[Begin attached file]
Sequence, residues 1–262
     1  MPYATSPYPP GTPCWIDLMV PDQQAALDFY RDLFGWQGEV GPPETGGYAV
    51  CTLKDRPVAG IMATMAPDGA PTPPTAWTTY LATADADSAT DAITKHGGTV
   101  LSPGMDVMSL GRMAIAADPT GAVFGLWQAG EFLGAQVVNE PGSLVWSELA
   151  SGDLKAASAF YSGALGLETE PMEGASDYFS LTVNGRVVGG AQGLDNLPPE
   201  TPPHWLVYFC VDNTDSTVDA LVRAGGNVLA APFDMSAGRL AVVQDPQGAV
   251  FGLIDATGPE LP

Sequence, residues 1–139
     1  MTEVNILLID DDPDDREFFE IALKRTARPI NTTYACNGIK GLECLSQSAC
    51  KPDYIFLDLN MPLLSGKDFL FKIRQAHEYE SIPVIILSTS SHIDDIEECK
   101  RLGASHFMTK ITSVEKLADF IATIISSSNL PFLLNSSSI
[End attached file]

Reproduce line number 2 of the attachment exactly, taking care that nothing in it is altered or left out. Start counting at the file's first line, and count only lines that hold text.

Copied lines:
     1  MPYATSPYPP GTPCWIDLMV PDQQAALDFY RDLFGWQGEV GPPETGGYAV